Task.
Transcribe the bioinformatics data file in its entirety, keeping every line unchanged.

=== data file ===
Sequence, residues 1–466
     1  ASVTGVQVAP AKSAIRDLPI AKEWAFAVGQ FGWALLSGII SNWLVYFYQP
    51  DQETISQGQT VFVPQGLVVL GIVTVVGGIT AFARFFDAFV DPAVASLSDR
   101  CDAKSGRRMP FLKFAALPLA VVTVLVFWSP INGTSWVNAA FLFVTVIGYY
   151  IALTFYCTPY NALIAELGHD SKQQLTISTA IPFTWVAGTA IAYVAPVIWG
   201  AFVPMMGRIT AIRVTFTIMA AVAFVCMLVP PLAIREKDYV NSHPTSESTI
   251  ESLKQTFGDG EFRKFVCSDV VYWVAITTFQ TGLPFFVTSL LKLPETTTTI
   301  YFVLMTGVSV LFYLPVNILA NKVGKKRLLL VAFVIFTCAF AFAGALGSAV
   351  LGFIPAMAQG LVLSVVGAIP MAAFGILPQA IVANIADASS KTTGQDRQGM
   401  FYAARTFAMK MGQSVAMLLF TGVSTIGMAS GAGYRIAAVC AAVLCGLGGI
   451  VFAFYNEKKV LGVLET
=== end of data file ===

Sequence, residues 1–466
     1  ASVTGVQVAP AKSAIRDLPI AKEWAFAVGQ FGWALLSGII SNWLVYFYQP
    51  DQETISQGQT VFVPQGLVVL GIVTVVGGIT AFARFFDAFV DPAVASLSDR
   101  CDAKSGRRMP FLKFAALPLA VVTVLVFWSP INGTSWVNAA FLFVTVIGYY
   151  IALTFYCTPY NALIAELGHD SKQQLTISTA IPFTWVAGTA IAYVAPVIWG
   201  AFVPMMGRIT AIRVTFTIMA AVAFVCMLVP PLAIREKDYV NSHPTSESTI
   251  ESLKQTFGDG EFRKFVCSDV VYWVAITTFQ TGLPFFVTSL LKLPETTTTI
   301  YFVLMTGVSV LFYLPVNILA NKVGKKRLLL VAFVIFTCAF AFAGALGSAV
   351  LGFIPAMAQG LVLSVVGAIP MAAFGILPQA IVANIADASS KTTGQDRQGM
   401  FYAARTFAMK MGQSVAMLLF TGVSTIGMAS GAGYRIAAVC AAVLCGLGGI
   451  VFAFYNEKKV LGVLET